# Another planar separator ref question

Do any of you know a reference for the following (surprisingly tedious to prove) result?

Given a connected planar graph $G$ with $n$ vertices and $n+t$ edges, it has a vertex separator of size $O( \sqrt{t}+1)$.

• Is it really that tedious? You have at most $t$ blocks, contract them into vertices and use the weighted separator theorem for them. In case the separating blocks are large, you can keep destroy all $O(\sqrt t)$ edges among them and then separate each arbitrarily with two vertices each. Commented Jul 12, 2018 at 20:21
• What is the exact definition of the blocks? Commented Jul 12, 2018 at 20:29
• Do you really need the $+1$ inside the $O(\cdot)$? Commented Jul 13, 2018 at 13:55
• Yes. If t is zero.... Commented Jul 13, 2018 at 19:00
• @domotorp BTW, I dont think your idea works - the whole graph might be a single block - just think about a path, and an additional edge connecting the two endpoints, and them some other t edges... Commented Jul 13, 2018 at 19:02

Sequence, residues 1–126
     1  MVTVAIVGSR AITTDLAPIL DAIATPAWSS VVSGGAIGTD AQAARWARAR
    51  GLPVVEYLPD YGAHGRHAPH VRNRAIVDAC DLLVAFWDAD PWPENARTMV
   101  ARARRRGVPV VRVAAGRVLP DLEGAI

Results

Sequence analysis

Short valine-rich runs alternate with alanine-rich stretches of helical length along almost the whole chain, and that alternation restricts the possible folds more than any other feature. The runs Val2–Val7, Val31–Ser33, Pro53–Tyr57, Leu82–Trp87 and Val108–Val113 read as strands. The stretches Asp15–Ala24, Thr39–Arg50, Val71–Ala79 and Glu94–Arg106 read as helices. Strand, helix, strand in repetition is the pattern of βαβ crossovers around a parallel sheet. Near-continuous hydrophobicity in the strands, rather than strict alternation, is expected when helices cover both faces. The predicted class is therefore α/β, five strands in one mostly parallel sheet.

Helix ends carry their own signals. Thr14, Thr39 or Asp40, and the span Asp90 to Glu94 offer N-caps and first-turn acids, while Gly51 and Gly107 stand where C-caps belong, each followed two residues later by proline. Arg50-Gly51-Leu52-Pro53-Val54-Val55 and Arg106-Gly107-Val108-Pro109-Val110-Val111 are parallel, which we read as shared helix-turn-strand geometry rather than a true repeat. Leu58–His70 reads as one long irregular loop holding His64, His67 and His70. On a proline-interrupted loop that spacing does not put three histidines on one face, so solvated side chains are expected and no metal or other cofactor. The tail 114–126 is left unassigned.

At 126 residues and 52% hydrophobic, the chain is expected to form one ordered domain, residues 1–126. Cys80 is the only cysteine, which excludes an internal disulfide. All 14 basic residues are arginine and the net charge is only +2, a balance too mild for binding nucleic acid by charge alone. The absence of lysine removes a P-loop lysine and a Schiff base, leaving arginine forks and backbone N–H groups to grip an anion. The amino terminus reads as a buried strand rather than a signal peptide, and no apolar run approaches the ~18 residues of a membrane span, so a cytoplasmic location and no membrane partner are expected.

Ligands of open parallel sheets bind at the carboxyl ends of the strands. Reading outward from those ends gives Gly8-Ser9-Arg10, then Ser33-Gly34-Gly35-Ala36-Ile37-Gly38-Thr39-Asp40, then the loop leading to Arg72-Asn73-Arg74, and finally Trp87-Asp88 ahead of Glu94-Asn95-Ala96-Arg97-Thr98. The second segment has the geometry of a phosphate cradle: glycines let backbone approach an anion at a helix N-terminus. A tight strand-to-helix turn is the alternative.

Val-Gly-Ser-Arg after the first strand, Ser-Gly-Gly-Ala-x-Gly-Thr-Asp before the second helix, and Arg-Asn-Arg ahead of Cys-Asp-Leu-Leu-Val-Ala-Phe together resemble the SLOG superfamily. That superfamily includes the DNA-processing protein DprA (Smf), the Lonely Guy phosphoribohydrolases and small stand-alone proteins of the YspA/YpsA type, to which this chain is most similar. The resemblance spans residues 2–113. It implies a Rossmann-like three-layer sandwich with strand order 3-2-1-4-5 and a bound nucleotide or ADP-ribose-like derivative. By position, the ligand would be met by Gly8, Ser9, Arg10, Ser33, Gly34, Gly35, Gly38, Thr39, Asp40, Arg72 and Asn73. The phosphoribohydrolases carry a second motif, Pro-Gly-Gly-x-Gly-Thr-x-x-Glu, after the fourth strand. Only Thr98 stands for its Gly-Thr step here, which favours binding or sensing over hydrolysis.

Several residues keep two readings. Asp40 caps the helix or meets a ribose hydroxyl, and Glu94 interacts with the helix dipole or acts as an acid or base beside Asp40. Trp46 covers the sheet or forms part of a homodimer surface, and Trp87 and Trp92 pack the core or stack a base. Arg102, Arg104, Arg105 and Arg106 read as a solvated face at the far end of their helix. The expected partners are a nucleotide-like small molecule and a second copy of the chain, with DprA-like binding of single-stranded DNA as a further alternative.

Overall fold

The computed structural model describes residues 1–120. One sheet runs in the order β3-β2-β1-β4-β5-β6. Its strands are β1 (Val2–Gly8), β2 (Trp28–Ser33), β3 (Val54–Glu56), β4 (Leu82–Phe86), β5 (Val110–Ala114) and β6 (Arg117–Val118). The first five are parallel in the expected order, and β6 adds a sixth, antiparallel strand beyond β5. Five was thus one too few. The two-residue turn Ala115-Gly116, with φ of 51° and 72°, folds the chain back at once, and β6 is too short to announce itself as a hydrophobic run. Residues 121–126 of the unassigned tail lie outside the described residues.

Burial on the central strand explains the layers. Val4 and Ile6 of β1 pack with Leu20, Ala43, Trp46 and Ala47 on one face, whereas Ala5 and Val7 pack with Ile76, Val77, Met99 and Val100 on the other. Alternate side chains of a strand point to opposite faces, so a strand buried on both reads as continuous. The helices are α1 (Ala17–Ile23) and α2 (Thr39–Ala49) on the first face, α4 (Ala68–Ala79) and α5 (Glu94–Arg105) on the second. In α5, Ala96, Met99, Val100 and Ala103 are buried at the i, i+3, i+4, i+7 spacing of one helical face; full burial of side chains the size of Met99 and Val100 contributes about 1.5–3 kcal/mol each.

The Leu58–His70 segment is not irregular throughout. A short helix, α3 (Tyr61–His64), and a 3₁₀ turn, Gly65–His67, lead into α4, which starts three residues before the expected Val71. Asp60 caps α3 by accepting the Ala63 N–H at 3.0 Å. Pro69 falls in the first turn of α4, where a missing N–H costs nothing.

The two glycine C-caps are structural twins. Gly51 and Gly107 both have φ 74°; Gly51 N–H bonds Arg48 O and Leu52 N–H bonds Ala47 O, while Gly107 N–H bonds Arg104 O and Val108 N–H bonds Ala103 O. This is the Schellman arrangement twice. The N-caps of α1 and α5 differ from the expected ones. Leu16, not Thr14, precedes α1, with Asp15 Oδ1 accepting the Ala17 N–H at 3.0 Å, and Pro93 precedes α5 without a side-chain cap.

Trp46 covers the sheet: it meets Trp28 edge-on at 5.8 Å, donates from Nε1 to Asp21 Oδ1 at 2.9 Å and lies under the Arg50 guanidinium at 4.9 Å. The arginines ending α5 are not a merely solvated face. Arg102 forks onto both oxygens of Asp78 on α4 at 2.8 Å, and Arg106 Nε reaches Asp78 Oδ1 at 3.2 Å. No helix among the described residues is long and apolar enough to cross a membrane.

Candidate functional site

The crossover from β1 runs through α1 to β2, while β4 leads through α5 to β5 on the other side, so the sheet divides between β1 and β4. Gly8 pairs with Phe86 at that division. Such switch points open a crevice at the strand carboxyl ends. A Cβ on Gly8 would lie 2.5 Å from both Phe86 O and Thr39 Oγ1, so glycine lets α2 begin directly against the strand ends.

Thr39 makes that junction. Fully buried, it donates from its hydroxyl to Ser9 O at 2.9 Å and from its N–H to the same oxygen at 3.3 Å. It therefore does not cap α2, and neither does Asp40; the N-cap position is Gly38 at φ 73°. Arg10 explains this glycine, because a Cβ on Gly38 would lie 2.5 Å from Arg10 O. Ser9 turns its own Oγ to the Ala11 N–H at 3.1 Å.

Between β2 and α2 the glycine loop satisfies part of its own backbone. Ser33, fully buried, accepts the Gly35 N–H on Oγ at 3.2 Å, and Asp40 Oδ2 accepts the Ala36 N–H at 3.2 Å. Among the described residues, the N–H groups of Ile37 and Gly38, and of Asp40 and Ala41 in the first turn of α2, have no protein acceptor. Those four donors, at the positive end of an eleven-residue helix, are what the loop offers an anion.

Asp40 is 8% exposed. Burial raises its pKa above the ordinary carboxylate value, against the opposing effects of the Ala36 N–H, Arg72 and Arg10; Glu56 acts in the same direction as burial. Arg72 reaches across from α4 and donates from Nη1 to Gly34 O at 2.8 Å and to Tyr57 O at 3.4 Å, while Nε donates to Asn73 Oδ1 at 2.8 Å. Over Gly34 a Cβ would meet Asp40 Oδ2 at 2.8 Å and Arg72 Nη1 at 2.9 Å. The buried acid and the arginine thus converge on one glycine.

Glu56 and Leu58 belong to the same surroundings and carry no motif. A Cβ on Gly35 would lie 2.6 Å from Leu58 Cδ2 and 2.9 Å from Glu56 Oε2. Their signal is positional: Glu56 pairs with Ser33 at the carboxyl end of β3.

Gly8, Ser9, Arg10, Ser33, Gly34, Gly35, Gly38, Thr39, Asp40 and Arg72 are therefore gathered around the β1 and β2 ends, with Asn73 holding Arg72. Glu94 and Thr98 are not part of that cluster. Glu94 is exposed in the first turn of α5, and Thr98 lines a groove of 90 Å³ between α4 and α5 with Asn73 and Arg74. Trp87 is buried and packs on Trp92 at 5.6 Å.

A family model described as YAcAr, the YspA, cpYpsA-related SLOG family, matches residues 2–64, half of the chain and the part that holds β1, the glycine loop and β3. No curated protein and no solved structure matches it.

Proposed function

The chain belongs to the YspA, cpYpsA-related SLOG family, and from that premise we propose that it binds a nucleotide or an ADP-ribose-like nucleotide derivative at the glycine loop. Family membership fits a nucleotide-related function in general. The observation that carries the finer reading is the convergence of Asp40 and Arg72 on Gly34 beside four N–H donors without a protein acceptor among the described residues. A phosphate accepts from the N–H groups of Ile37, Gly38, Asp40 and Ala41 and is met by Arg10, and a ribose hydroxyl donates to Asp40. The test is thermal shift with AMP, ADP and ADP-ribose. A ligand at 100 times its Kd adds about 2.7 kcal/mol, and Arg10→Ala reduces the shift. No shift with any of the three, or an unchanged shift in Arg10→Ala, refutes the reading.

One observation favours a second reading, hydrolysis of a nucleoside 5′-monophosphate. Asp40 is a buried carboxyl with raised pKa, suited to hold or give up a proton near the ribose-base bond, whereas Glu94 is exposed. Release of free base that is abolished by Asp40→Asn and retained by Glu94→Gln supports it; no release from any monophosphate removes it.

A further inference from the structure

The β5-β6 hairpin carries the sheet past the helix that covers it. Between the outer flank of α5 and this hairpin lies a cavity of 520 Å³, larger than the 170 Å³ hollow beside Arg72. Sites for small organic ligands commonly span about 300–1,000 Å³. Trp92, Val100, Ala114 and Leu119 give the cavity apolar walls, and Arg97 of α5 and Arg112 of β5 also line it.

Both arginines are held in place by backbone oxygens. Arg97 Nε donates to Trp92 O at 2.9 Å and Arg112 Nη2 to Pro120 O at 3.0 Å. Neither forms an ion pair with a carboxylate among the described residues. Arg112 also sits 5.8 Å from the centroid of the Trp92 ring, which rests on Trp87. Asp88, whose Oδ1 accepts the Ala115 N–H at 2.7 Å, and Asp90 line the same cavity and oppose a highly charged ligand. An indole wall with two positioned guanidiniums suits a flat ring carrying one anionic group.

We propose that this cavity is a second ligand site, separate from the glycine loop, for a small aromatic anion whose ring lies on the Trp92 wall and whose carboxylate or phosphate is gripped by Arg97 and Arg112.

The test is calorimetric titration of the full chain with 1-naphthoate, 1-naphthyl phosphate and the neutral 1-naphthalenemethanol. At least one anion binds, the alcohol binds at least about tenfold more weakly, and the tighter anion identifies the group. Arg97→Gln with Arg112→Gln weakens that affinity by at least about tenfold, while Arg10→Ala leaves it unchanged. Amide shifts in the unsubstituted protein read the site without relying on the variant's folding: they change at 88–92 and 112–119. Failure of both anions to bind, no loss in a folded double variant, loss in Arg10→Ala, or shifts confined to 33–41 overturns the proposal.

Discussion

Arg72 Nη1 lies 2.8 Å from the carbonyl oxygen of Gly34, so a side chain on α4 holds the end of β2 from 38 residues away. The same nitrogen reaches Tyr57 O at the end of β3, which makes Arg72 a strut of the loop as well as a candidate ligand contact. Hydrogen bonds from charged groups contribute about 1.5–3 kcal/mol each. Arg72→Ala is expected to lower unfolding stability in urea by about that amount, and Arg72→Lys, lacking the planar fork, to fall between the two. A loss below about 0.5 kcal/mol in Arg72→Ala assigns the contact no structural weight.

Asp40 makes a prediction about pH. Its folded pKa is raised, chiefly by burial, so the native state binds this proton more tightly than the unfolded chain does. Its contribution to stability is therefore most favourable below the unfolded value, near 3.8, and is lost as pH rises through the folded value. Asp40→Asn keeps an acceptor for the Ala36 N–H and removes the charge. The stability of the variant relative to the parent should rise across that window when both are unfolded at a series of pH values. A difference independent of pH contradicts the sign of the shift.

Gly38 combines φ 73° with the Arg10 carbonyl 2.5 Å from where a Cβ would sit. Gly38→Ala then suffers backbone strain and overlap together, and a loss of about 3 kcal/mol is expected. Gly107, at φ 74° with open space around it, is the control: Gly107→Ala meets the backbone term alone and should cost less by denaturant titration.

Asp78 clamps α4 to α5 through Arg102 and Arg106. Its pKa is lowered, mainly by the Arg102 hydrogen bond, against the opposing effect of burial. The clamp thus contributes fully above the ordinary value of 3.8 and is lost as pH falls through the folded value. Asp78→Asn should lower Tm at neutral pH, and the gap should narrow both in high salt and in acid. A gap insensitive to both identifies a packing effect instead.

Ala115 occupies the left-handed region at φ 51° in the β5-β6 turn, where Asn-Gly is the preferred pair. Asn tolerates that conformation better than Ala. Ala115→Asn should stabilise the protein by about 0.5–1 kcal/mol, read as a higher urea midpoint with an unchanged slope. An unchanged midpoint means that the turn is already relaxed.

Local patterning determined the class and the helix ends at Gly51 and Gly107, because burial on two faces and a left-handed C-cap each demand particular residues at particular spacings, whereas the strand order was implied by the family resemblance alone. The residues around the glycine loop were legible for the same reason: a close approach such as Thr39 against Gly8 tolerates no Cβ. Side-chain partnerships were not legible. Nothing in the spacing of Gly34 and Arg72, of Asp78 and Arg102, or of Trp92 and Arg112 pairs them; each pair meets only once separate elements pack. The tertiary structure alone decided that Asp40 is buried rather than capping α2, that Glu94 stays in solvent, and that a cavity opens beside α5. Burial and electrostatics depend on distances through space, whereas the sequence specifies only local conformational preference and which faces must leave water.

Let us assume wlog that $G$ is connected, hence it is a spanning tree plus $t+1$ edges. Clearly any cycle in $G$ must contain one of these $t+1$ edges which are part of the spanning tree.
I claim that the treewidth of $G$ is $O(\sqrt{t})$ which would imply the desired separator (and some more). To prove the claim let $k$ be the treewidth of $G$. Then by a theorem of Robertson-Seymour-Thomas, since $G$ is planar, there is a grid minor of size $\Omega(k)$. However a grid minor of size $\Omega(k)$ has $\Omega(k^2)$ disjoint cycles and each of them requires one of the $t+1$ edges. Hence $k = O(\sqrt{t})$.
• The above argument is a special case of the fact that if the feedback vertex set size of a planar graph $G$ is $t$ then treewidth of $G$ is $O(\sqrt{t})$. This is well-known in FPT literature so overall the argument is standard. Commented Jul 14, 2018 at 1:45